Seperis (seperis) wrote,

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soup on demand: hobo soup

I cannot find that I posted this, though I know I did, so doing it again. This is my go-to soup; it's delicious, it's hearty and filling, it's versatile. It doubles and triples without effort; just add more liquid as desired. It freezes magnificently for months (tested this), refrigerates just as well, and reheats as good as the original.

It's other name is "Leftover Soup". You'll see why. As usual, recipe first, followed by notes and variations. Don't be intimidated by the ingredient list and instructions; most if it is literally 'add this next'.

Hobo Soup

1 tablespoon of oil
1 cup onion, chopped
1/2 cup sweet and hot peppers, chopped mixed
1/2 cup of celery
1 tablespoon of minced garlic
1 1/2 pounds of ground beef
2 tablespoons of all purpose flour
1 1/2 cups of beef stock or broth
3 (11.5 ounce) cans of original or spicy V-8, or tomato juice (optional)
1 (14.5 ounce) can of diced tomatoes
2 large potatoes, peeled and diced
2 cups carrots, diced (about 2 large)
2 cups of corn/1 - 2 cans of corn
2 cups of cut green beans/1 - 2 cans of green beans
1 can mushrooms/1 pint mushrooms
Dash of Worcestershire sauce
Couple dashes of hot sauce
1/4 teaspoon of Cajun seasoning (like Slap Ya Mama), or to taste, optional
1 teaspoon of kosher salt, or to taste
1/4 teaspoon of freshly cracked black pepper, or to taste

- In the bottom of a Dutch oven or other heavy pot, heat the oil over medium high heat.
- Add the onion, peppers and celery*; cook and stir until softened, about 4 minutes.
- Add the garlic and ground beef, cook and stir until meat is browned and cooked through.
- Drain off excess fat. Sprinkle meat with flour; cook and stir for 3 minutes.
- Add the beef stock, V-8 juice and diced tomatoes.
- Stir in the potatoes, carrots, corn, green beans, and mushrooms*
- Add Worcestershire, hot sauce and seasonings to taste. Stir, cover and simmer over medium to medium low (low bubble) for 1-1/2 to 2 hours, or until veggies are tender, stirring occasionally.
- Taste and adjust seasonings as needed.

* if fresh mushrooms, add in second step; if canned, add in sixth step.


The bit about draining the meat and adding flour is to create a thickener. I am from the south, therefore anything that is flour + oil type = pre-gravy, so that's how I think. You might think of it as a pre-roux. In other words, if it doesn't thicken to your satisfaction after adding broth, create a cream sauce or roux in another pot and just add that.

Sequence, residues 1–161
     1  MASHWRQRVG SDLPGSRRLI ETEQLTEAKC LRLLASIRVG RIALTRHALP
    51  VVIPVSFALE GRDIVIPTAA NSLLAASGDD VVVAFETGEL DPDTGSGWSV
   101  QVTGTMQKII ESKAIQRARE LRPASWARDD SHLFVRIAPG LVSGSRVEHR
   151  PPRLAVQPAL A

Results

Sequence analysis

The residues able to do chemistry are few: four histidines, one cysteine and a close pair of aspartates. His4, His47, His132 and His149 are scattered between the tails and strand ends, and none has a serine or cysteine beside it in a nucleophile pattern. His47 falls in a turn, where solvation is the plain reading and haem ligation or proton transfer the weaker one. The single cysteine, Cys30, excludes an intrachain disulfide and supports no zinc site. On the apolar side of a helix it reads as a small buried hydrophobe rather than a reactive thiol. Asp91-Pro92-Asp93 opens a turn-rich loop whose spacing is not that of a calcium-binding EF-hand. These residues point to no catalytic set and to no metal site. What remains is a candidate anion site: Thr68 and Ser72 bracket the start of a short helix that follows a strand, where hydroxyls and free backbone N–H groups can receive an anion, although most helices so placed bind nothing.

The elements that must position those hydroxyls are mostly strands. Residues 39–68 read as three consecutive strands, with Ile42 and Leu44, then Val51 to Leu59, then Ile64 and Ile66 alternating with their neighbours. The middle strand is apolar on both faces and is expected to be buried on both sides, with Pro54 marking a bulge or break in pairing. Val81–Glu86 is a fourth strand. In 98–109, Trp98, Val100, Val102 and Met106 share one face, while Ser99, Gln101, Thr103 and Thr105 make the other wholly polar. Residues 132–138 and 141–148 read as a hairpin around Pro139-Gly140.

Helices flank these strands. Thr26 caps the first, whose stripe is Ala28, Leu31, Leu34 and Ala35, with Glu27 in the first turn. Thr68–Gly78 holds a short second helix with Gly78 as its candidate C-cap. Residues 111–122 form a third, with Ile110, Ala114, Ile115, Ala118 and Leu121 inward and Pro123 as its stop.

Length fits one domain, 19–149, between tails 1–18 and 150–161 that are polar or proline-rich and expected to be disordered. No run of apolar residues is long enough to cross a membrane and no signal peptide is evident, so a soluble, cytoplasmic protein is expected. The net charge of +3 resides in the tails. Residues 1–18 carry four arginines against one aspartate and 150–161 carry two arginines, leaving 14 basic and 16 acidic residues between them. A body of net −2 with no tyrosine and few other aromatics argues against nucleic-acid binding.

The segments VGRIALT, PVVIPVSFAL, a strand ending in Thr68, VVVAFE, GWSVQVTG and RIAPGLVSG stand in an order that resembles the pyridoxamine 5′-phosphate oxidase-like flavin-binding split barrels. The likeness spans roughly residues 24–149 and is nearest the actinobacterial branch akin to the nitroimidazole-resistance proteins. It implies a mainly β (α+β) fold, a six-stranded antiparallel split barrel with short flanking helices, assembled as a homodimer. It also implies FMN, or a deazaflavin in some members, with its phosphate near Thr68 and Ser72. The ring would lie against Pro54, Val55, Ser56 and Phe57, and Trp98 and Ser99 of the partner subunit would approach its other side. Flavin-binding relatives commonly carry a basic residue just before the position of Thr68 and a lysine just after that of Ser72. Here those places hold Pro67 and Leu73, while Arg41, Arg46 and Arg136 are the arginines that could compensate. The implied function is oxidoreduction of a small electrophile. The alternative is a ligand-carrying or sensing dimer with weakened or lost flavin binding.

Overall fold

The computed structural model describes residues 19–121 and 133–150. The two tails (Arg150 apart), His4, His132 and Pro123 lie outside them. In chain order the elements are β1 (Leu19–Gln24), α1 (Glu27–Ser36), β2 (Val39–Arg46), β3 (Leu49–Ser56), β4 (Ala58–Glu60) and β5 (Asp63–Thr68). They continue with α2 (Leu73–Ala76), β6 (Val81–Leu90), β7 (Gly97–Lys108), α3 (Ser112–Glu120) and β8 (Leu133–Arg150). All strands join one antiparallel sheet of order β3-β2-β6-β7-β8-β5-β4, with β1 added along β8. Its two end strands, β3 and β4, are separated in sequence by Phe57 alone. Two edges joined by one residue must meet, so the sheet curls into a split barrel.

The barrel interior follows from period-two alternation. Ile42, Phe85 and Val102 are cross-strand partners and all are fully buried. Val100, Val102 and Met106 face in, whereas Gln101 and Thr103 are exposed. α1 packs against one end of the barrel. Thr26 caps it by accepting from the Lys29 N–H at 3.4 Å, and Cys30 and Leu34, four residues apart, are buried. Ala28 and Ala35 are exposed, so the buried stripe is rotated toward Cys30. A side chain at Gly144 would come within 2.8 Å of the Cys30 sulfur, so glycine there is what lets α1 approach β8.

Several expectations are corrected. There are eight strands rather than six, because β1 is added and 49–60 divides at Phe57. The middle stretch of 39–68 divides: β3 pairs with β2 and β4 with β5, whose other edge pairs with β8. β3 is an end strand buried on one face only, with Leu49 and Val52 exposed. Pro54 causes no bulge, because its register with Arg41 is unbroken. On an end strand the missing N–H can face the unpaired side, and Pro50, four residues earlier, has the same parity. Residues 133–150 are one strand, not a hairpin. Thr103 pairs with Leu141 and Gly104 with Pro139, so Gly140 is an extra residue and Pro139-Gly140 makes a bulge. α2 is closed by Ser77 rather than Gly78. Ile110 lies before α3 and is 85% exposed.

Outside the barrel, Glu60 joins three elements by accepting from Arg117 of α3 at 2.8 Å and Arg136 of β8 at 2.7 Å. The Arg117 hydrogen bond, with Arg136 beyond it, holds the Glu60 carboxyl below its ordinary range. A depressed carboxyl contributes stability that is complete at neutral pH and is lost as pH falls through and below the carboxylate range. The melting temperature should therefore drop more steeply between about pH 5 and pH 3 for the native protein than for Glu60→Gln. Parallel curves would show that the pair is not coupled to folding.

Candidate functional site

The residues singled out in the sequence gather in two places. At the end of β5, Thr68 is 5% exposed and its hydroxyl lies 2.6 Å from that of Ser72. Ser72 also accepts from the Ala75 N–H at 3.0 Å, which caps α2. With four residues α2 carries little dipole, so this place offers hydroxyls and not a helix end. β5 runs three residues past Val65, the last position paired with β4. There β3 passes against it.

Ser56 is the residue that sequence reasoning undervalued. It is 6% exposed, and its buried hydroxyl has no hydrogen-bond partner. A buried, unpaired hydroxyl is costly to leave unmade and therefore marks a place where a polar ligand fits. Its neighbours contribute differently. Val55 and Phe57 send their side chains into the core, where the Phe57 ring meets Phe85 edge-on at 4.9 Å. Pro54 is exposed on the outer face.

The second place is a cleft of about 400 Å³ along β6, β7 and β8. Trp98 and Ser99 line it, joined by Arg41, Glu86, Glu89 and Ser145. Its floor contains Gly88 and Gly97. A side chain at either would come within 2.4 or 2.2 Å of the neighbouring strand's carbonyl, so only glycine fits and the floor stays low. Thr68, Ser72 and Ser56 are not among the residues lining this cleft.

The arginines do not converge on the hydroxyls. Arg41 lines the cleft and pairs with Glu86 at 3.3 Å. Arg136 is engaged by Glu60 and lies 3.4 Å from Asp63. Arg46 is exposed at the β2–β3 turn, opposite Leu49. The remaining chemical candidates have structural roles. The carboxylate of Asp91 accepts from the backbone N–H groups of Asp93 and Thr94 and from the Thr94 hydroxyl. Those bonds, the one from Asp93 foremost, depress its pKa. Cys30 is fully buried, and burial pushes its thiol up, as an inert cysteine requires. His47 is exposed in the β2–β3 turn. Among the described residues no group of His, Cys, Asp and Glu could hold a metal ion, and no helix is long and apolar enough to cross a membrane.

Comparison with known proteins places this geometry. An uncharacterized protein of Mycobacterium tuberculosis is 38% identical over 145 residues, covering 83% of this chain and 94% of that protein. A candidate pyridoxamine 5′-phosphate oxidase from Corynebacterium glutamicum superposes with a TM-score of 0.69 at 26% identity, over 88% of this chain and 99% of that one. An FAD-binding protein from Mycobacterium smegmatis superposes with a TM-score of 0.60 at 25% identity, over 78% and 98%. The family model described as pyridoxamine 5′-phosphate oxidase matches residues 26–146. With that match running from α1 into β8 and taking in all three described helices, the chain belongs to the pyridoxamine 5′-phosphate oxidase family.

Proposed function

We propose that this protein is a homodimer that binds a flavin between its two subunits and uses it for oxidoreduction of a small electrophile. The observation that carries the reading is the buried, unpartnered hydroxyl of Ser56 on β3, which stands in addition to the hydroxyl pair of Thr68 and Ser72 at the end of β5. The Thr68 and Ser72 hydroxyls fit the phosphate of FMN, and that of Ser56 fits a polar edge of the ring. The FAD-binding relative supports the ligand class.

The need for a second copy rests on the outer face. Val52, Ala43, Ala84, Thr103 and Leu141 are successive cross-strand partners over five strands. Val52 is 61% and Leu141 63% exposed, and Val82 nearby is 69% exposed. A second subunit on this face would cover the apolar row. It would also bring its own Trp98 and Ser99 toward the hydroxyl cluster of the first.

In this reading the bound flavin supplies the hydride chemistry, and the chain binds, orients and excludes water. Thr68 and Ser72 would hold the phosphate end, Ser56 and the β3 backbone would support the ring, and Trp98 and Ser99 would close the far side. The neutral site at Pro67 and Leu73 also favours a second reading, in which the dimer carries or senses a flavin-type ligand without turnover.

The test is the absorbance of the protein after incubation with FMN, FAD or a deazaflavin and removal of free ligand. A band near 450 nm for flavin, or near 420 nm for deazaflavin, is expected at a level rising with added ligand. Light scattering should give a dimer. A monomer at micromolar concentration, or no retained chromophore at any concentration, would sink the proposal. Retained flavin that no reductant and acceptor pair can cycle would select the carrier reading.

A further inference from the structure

If you're one of those people who for reasons universe cannot create cream sauce or gravy or make anything thicken: you are not alone. I am not one of them, but my sister is, which proves the point; there's no reason we can do the exact same thing on the same stove and mine thickens and hers doesn't; it's fucking witchcraft. This has been tested; we just don't know.

(To compensate, I can successfully make only one kind of cookie (peanut butter blossom), and I include box cookies in this that I can make burn or stay raw, doesn't matter, it just happens. I can make white bread, croissants, puff pastry, challah, bread-items I cannot pronounce, but I cannot successfully make a chocolate chip cookie without another person being involved. It's goddamn random.)

So if your soup refuses the fuck to thicken, again, it's not you; it's witchcraft. One out of three times, I still have to make either a cream sauce or a roux on the side; the flour hates me, the soup hates me, it's the green moon of anti-thickness, who knows. I am a Texas girl who can make gravy literally out of any oil + flour-like item and yet, this happens.

Deconstruction of Soup

This is an outline of a soup, actually. I have switched out every ingredient in here at least once and never use peppers, V8, cajun spices, or hot sauce (I like all of those, but not in this soup). You can, though; that's why they're in the recipe and it works tremendously well. Using this as an outline, you can make any soup you want because anything can be subbed out or removed without penalty. Literally all you will need to do is vary your liquid proportions and all you need to do that is watch.

Now, onto the variations.

Meat or No Meat

Not into ground beef? Try these:

1.) stew meat
2.) chili meat

1.) Venison
2.) Bison
3.) Elk (I've heard)

Not into red meat? Try these:

1.) Andouille
2.) Italian sausage
3.) Chorizo (yes)

For the broth on pork, if you're not using beef broth (you can! You just don't have to), you can either use a pork broth or a vegetable broth. If you're not sure, sample and see what you think: even if you love pork, you might not want a pork broth base.

Pork broth note: pork broth isn't bad but it is very very porky (porkish?) and sometimes can be overwhelming to the balance of the soup for some people; for others, it's fine, ymmv. However, if you're not sure, go with half vegetable/half pork (or half beef/half pork if you want to try that) and taste-test it. This is very much a matter of taste and you can't do it wrong.

About Sausages (aka Beef and Pork)